Nine in Ten Uninsured Unaware that the Affordable Care Act’s Second Open Enrollment Period Starts in November
Most of Those Without Health Coverage Report Knowing Little or Nothing About the Insurance Marketplaces or About the Financial Assistance Available to Low- and Moderate-Income Families
Broader Public Opinion on the Law Still Tilts Unfavorably, Though Gap Has Narrowed Since July and Returned to Pre-Rollout Levels
With the second annual open enrollment period under the Affordable Care Act set to begin Nov. 15, the latest Kaiser Family Foundation tracking poll finds major gaps in the awareness of the nation’s uninsured residents who are a primary target for enrollment and outreach efforts.
The survey finds nine in ten (89%) of the uninsured are unaware that open enrollment begins in November — including, 76 percent who say they do not know when open enrollment begins and another 13 percent who name a start date other than November 2014.
In addition, two-thirds of the uninsured say they know “only a little” or “nothing at all” about the marketplaces where people who don’t get coverage through their employers can shop for insurance and just over half (53 percent) of the uninsured are unaware of the financial assistance available to help low- and moderate-income individuals purchase insurance.
In spite of the significant gaps in awareness about open enrollment, most (59%) of the uninsured say they will get covered in the next few months, including 15 percent who expect to get coverage from an employer, 15 percent who expect to purchase it themselves (either from a private insurance company or through a marketplace), and 8 percent who expect to get it through Medicaid. One in five (21%) say they expect to get coverage but are unsure where.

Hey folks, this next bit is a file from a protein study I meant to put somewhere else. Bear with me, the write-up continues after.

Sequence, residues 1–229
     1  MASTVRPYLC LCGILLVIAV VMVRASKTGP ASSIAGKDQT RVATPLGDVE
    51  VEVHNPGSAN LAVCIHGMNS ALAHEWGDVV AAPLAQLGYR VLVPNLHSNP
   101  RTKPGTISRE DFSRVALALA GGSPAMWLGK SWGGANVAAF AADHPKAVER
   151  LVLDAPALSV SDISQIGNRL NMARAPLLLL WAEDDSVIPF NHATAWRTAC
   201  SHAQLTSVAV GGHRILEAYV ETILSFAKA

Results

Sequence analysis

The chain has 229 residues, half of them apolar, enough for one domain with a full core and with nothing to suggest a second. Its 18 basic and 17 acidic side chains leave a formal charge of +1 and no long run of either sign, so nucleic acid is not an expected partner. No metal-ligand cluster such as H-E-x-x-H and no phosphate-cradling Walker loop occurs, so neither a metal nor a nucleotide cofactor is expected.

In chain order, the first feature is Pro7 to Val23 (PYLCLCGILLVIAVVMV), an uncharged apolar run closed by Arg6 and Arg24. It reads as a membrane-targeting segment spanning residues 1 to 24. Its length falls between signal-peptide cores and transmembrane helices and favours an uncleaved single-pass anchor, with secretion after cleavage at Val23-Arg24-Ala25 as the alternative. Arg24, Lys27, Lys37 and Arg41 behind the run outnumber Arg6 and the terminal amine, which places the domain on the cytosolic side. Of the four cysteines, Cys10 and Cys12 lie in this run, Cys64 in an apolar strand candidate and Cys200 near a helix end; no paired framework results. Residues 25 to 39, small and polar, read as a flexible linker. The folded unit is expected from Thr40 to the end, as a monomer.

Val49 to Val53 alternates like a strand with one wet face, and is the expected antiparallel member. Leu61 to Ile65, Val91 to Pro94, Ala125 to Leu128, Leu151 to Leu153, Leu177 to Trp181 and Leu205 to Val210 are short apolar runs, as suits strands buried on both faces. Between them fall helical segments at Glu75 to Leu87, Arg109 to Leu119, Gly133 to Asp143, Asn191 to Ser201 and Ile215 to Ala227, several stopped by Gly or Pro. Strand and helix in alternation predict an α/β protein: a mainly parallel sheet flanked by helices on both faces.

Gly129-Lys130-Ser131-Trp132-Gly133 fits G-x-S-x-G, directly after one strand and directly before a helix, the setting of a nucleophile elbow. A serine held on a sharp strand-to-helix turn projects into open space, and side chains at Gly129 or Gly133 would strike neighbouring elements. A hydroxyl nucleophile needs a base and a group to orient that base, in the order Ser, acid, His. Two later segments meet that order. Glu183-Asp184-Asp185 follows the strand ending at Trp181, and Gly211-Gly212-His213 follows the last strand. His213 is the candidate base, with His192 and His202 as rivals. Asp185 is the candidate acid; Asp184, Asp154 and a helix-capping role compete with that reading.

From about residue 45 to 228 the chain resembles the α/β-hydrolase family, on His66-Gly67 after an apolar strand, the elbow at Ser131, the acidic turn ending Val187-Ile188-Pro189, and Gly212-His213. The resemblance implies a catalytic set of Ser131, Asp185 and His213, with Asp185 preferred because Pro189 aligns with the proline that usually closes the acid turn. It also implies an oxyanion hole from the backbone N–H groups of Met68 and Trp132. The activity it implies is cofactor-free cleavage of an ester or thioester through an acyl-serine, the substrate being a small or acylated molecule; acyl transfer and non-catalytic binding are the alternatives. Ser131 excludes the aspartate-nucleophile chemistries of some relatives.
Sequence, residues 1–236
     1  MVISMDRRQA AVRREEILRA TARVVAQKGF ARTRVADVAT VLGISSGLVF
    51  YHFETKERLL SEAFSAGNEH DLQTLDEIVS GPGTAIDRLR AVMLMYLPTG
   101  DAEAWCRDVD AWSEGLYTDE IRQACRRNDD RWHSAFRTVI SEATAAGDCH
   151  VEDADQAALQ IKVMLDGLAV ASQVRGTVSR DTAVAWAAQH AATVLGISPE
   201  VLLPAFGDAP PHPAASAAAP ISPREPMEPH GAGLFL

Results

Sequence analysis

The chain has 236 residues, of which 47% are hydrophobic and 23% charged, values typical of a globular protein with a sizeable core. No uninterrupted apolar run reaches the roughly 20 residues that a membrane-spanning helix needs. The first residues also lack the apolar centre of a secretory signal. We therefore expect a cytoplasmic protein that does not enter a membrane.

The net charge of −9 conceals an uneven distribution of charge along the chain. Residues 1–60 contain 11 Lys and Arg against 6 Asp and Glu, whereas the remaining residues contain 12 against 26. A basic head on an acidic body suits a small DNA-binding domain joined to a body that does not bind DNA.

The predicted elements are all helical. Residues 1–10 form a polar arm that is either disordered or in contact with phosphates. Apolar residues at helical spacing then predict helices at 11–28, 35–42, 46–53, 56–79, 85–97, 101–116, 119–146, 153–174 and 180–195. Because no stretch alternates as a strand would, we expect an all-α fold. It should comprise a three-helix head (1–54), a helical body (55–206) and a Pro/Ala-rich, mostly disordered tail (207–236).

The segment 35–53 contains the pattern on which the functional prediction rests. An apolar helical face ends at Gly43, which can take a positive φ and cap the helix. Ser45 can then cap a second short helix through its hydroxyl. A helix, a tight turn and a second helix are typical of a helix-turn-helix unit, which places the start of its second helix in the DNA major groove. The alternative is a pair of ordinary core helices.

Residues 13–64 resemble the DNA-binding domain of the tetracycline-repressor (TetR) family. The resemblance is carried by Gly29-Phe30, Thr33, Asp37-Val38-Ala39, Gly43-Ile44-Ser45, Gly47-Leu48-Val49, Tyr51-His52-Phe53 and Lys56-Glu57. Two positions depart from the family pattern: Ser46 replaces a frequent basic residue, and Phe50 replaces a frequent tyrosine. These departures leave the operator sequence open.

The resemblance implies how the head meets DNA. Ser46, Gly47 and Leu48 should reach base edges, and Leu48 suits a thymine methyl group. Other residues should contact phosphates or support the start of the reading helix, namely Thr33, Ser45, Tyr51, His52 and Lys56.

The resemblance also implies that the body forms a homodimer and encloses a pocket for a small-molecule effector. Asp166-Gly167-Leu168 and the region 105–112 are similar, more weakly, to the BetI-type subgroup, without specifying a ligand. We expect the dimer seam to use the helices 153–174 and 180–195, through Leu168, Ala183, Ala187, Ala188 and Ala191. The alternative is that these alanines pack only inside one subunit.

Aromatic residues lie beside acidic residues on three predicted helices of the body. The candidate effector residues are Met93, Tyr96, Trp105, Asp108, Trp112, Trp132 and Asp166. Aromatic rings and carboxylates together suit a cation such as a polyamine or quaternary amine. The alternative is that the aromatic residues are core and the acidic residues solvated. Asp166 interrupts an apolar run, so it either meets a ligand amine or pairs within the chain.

Most of those who expect to remain uninsured say it is because they think they will not be able to find an affordable plan (18% of the uninsured overall) or they don’t want to be forced to buy anything (12%, including 3% who say they would rather pay the fine than pay for coverage).
This month’s tracking poll also finds few changes in the public’s broader views of the ACA, with more people continuing to view it unfavorably (43%) than favorably (36%). The gap, though, has shrunk since July, when unfavorable views rose to 53%, and public opinion now has returned to about the levels it was last year at this time as the first open enrollment period began.
At the same time, nearly two-thirds of the public (64%) would rather see their representative in Congress work to improve the law than repeal and replace it with something else (33%). A large majority of Democrats (86%) want their representative to work to improve the law while a majority of Republicans want their representative to work to repeal and replace it (65%).
Other findings from the poll include:
- Most Americans (56%) say the health care law has had no direct impact on their families. For those who report an impact, more say the law has hurt them (26%) than say it has helped them (16%). Republicans are more likely to say they have been hurt by the law (48%), Democrats are more likely to say they have been helped (28%), and independents fall in the middle, though more independents feel they have been hurt than helped
- Among registered voters, the ACA does not stand out as a top issue for the midterm elections. While more than a quarter (27%) say the health care law will be “extremely” important to their vote, just 8 percent choose it as the MOST important issue, behind the economy (16%) and dissatisfaction with government (12%), and a similar level as education (10%), the situation in Iraq and Syria (9%) and immigration (6%).
- Across party lines, the ACA ranks fourth as voters’ most important issue for Democrats, Republicans, and independents alike.
The latest tracking poll was designed and analyzed by public opinion researchers at the Kaiser Family Foundation and was conducted from October 8-14, 2014 among a nationally representative random digit dial telephone sample of 1,503 adults ages 18 and older. Interviews were conducted in English and Spanish by landline (751) and cell phone (752). The margin of sampling error is plus or minus 3 percentage points for the full sample and plus or minus 9 percentage points for the uninsured. For results based on subgroups, the margin of sampling error may be higher.